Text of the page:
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SCENE II?. Bury. A Room in the Palace.

Enter certain Murderers, hastily. 1 Mur. Run to my lord of Suffolk; let him know, * We have despatch'd the duke, as he commanded. 2 Mur. O, that it were to do!- What have we

done? * Didst ever hear a man so penitent?

Enter SUFFOLK. « 1 Mur. Here comes my

lord. Suf.

Now, sirs, have you Despatch'd this thing? 61 Mur.

Ay, my good lord, he's dead. Suf. Why, that's well said. Go, get you to

my house; · I will reward you for this venturous deed. • The king and all the peers are here at hand :Have

you

laid fair the bed ? are all things well, According as I gave directions? ' 1 Mur. ”Tis, my good lord.

Suf. Away, be gone! Exeunt Murderers. Enter King HENRY, QUEEN MARGARET, CARDINAL BEAUFORT, SOMERSET, Lords, and Others. K. Hen.. Go, call our uncle to our presence

straight :
Say, we intend to try his grace to-day,
If he be guilty, as 'tis published.
Suf. I'll call him presently, my noble lord.

[Exit. | The directions concerning this scene stand thus in the quarto copy :— Then the curtains being drawne, Duke Humphrey is discovered in his bed, and two men lying on his breast, and smothering him in his bed. And then enter the Duke of Suffolk to them.'

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K. Hen. Lords, take your places ;--And, I pray

you all,

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Proceed no straiter 'gainst our uncle Gloster,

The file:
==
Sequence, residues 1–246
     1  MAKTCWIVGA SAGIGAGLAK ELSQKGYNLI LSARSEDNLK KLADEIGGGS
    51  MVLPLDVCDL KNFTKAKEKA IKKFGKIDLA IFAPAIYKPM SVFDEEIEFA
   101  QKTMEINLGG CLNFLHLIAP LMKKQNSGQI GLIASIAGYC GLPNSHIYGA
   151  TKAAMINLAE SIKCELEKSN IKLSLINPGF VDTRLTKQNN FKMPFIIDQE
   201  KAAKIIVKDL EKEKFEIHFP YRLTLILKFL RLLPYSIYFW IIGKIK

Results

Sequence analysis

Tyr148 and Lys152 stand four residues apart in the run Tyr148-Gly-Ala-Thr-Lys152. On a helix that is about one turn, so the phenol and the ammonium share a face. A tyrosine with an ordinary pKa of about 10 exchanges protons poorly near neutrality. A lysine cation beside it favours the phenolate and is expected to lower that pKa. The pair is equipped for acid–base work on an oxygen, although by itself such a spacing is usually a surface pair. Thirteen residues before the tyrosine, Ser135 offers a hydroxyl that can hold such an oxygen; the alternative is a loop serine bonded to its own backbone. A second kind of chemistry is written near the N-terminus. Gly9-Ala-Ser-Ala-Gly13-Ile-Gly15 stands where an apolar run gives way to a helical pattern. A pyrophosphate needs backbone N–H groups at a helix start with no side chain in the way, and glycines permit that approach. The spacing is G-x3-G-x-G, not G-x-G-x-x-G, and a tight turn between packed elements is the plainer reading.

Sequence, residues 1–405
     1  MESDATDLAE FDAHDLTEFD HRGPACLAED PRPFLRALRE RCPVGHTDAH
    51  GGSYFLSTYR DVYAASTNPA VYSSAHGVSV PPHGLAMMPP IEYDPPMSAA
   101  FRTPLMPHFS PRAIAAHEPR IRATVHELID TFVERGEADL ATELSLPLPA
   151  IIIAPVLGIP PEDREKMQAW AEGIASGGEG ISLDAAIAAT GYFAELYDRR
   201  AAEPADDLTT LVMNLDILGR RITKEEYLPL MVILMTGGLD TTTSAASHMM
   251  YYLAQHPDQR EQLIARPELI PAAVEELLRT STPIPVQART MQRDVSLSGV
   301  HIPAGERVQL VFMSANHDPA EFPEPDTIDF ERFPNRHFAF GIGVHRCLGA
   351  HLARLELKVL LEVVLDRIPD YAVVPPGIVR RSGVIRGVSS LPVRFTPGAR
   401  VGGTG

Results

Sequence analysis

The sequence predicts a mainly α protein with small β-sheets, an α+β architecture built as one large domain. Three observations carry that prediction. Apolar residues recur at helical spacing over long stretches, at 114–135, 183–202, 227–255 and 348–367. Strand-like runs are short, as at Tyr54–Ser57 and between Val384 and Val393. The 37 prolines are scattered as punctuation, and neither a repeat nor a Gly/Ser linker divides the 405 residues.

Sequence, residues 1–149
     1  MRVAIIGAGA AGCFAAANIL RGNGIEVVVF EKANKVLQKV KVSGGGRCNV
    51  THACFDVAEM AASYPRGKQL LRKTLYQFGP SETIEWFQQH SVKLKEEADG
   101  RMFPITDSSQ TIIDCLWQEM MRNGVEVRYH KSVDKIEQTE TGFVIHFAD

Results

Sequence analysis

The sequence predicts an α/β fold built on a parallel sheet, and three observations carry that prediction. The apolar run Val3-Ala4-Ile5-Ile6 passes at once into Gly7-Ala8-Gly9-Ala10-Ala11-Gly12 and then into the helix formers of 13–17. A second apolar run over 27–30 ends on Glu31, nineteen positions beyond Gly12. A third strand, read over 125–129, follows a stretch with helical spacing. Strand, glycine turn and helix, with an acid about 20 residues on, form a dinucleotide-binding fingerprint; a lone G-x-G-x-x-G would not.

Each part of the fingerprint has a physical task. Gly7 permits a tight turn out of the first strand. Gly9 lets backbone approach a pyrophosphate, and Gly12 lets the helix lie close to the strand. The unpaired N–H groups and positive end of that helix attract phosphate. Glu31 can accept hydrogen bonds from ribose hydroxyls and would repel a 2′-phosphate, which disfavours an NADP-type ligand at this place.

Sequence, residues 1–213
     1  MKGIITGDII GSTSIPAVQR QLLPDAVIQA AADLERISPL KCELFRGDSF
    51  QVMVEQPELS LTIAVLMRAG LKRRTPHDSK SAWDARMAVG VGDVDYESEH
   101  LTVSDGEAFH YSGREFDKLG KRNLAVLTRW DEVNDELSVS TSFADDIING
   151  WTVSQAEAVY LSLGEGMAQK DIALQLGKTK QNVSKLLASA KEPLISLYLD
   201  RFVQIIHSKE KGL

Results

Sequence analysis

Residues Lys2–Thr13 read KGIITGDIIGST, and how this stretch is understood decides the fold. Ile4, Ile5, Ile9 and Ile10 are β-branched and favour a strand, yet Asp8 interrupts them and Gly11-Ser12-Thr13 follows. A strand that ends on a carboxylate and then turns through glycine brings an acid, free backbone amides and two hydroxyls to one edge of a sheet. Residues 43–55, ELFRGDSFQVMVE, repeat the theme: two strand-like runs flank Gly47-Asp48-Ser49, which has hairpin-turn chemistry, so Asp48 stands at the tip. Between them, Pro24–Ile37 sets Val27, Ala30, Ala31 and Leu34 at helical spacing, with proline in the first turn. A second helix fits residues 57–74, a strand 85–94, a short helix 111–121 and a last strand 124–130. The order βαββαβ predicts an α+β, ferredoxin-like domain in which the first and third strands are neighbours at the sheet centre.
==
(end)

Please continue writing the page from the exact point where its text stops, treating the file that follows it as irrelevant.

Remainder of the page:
Than from true evidence, of good esteem, • He be approv'd in practice culpable.

Q. Mar. God forbid any malice should prevail, * That faultless may condemn a nobleman ! Pray God, he may acquit him of suspicion ! * K. Hen. I thank thee, Margaret; these words

content me much.

Re-enter SUFFOLK. • How now ? why look’st thou pale? why trem

blest thou? " Where is our uncle? what is the matter, Suffolk ?

Suf. Dead in his bed, my lord; Gloster is dead. * Q. Mar. Marry, God forefend ! * Car. God's secret judgment :- I did dream to

night, * The duke was dumb, and could not speak a word,

[The King swoons. · Q. Mar. How fares my lord ?-Help, lords!

the king is dead. * Som. Rear up his body; wring him by the nose“. * Q. Mar. Run, go, help, help!-0, Henry, ope

thine eyes! Suf. He doth revive again ;-—Madam, be pa

tient. * K. Hen. O heavenly God! * Q. Mar. How fares my gracious lord ?

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? As nothing further is spoken either by Somerset or the cardinal, or by any one else, to show that they continue in the presence, it is to be presumed that they take advantage of the confusion occasioned by the king's swooning, and slip out unobserved. The next news we hear of the cardinal, he is at the point of death.

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Suf. Comfort, my sovereign! gracious Henry,

comfort! ? K. Hen. What, doth my lord of Suffolk com

fort me?
Came he right now 3 to sing a raven’s note,
* Whose dismal tune bereft

my
vital

powers; And thinks he, that the chirping of a wren,

By crying comfort from a hollow breast, • Can chase away the first-conceived sound? * Hide not thy poison with such sugar'd words,

Lay not thy hands on me; forbear, I say; * Their touch affrights me, as a serpent's sting. Thou baleful messenger, out of my sight!

Upon thy eyeballs murderous tyranny • Sits in grim majesty, to fright the world. • Look not upon me, for thine eyes are wounding:• Yet do not go away;—Come, basilisk,

And kill the innocent gazer with thy sight*: * For in the shade of death I shall find joy: * In life, but double death, now Gloster's dead!

Q. Mar. Why do you rate my lord of Suffolk thus? Although the duke was enemy to him, * Yet he, most christianlike, laments his death: * And for myself,—foe as he was to me, * Might liquid tears, or heart-offending groans, * Or blood-consuming sighs recall his life, * I would be blind with weeping, sick with groans, * Look pale as primrose, with blood-drinking sighs“, * And all to have the noble duke alive. • What know I how the world may deem of me?